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Exiled Communist Leader Voices Reluctance to Return to Philippines

Karl Romano and Jeoffrey Maitem
Manila and Cotabato, Philippines
2018-04-24
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Regional public safety personnel man a checkpoint along a road in La Union, a remote northern Philippine province, after communist New People’s Army guerrillas attacked a mine in the area, Feb. 10, 2017.
Regional public safety personnel man a checkpoint along a road in La Union, a remote northern Philippine province, after communist New People’s Army guerrillas attacked a mine in the area, Feb. 10, 2017.
Karl Romano/BenarNews

The exiled leader of the long-running Philippine communist insurgency told BenarNews he was reluctant to accept an invitation from President Rodrigo Duterte to come home to negotiate peace, saying this could put his life at risk from saboteurs.

In a statement sent late Monday from the Netherlands, where he has lived in self-imposed exile since 1987, Jose Maria Sison said he welcomed guarantees for his safety from Duterte, but the offer exposed him to dangers from certain quarters, which he declined to name.

Going home now would only “expose not only myself, but also the entire peace process to extremely high risks of violent sabotage and termination by spoilers who are out to terminate the peace process once and for all,” Sison said.

He would return only after peace negotiations had made a significant advance and when his comrades and lawyers were satisfied with security precautions, he said.

During a speech in the eastern city of Legazpi earlier on Monday, the president had invited Sison – his one-time university professor – to return to the Philippines, promising that the government would pay for all his expenses.

“I will give you complete freedom to move. I will not harass anyone and I will order the military and the police to be nice to you,” Duterte said.

He also guaranteed Sison freedom of movement on condition that he and his aides left their weapons inside a military camp.

At the same time, Duterte said, he would set a 60-day window for the Communist Party of the Philippines (CPP) to restore peace negotiations with the government. When that window would begin was not clear.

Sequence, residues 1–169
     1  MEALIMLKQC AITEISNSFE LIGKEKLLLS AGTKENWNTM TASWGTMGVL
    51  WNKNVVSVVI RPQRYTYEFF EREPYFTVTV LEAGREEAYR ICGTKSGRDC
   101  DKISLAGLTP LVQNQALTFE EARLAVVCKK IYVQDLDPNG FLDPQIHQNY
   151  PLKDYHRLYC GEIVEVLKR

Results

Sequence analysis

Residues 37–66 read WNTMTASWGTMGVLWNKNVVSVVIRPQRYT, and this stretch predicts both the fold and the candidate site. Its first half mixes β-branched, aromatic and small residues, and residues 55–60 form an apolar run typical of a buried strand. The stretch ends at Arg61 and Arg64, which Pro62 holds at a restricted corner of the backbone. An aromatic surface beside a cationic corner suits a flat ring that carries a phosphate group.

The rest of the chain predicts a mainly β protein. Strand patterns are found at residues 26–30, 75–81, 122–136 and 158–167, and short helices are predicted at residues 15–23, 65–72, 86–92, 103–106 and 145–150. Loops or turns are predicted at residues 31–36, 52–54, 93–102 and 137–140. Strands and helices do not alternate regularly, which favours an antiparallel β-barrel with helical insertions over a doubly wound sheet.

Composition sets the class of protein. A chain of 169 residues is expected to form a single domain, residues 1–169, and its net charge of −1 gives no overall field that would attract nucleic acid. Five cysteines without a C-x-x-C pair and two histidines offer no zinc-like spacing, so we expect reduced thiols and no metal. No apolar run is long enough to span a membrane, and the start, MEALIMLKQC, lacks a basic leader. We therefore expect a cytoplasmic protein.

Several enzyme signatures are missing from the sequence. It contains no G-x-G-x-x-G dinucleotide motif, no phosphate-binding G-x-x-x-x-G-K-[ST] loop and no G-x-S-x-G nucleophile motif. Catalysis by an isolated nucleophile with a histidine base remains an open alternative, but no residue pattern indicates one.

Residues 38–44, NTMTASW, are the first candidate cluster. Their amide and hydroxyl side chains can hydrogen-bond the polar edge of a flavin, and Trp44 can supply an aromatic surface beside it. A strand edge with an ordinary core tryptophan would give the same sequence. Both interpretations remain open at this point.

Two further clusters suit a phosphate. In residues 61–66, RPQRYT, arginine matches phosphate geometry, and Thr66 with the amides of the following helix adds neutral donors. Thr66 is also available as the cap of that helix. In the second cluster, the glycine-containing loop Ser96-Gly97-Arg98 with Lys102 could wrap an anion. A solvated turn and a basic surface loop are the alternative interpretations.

When he took office in 2016, the president, a self-described leftist, made one of his first official acts to engage the communist rebels in talks aimed at ending one of Asia’s longest running insurgencies. He also freed detained top CPP officials to join talks held in Europe.

But late last year, the president terminated negotiations and accused CPP’s armed wing, the New People’s Army (NPA), of violating a ceasefire pact by staging attacks.

He had also asked the Justice Department to designate the CPP-NPA a terrorist organization, complicating a resumption of talks because the state has a policy of not negotiating with terrorists.

“I declare that I will certainly return home when a significant advance in the peace negotiations has been achieved,” Sison told BenarNews, adding he was confident that back-channel negotiations would make headway.

Rebels captured

Meanwhile, government security forces said they had captured a communist rebel leader and two of his followers after a gunbattle in the southern town of Massim.

The suspects were captured on Monday night and Tuesday after resisting troops who were responding to information about the presence of NPA guerrillas in the area, regional army spokesman Maj. Ezra Balagtey said. The suspects in custody were identified as Pablito Torno, an NPA unit leader, and Sarah Balabang and Bactira Masalon.

The NPA has been waging a guerrilla campaign in the countryside since 1969.

Military estimates placed the NPA strength at more than 5,000 men scattered in more than 60 guerrilla fronts throughout the Philippines.

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